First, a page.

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NATURAL MONOPOLY: A special type of monopoly that's able to lower its price when it produces and sells a larger quantity. This somewhat remarkable ability results because a natural monopoly uses a great deal of capital. In that capital carries an up front cost that must be paid regardless of production, a natural monopoly can spread these costs over larger quantity--if it produces more. The larger the quantity sold, the lower the cost for each unit. A single natural monopoly is thus able to produce and supply a good at a lower cost, and price, than two or more firms. In other words, if two or more firms try to supply the same good, the market will "naturally" end up with just one.

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MARGINAL PRODUCTIVITY THEORY: A theory used to analyze the profit-maximizing quantity of inputs (that is, the services of factor of productions) purchased by a firm in the production of its output. Marginal productivity theory indicates that the demand for a factor of production input is based on the marginal product of the factor and the price of the output produced by the factor.

     See also | theory | factor markets | short-run production | input | factors of production | marginal product | derived demand | marginal physical product | marginal revenue product | marginal factor cost |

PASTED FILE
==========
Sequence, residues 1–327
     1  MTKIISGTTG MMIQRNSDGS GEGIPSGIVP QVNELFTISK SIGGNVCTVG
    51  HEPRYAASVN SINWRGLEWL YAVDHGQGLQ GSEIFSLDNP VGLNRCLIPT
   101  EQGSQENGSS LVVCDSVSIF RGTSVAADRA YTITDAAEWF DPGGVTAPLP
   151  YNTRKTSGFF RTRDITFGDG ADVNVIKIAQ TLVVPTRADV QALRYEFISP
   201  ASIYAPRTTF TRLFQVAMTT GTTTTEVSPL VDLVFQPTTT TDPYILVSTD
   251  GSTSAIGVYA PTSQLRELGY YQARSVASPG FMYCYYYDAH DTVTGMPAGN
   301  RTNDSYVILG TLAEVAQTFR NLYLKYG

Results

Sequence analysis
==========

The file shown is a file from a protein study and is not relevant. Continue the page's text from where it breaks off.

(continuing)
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ECONOMIC GOALS

Five conditions of the mixed economy, including full employment, stability, economic growth, efficiency, and equity, that are generally desired by society and pursued by governments through economic policies. The five goals are typically divided into the three that are most important for macroeconomics (the macroeconomic goals of full employment, stability and economic growth) and the two that are most important for microeconomics (the microeconomic goals of efficiency and equity).

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Today, you are likely to spend a great deal of time waiting for visits from door-to-door solicitors trying to buy either pink cotton balls or a genuine down-filled comforter. Be on the lookout for malfunctioning pocket calculators.
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Helping spur the U.S. industrial revolution, Thomas Edison patented nearly 1300 inventions, 300 of which came out of his Menlo Park "invention factory" during a four-year period.
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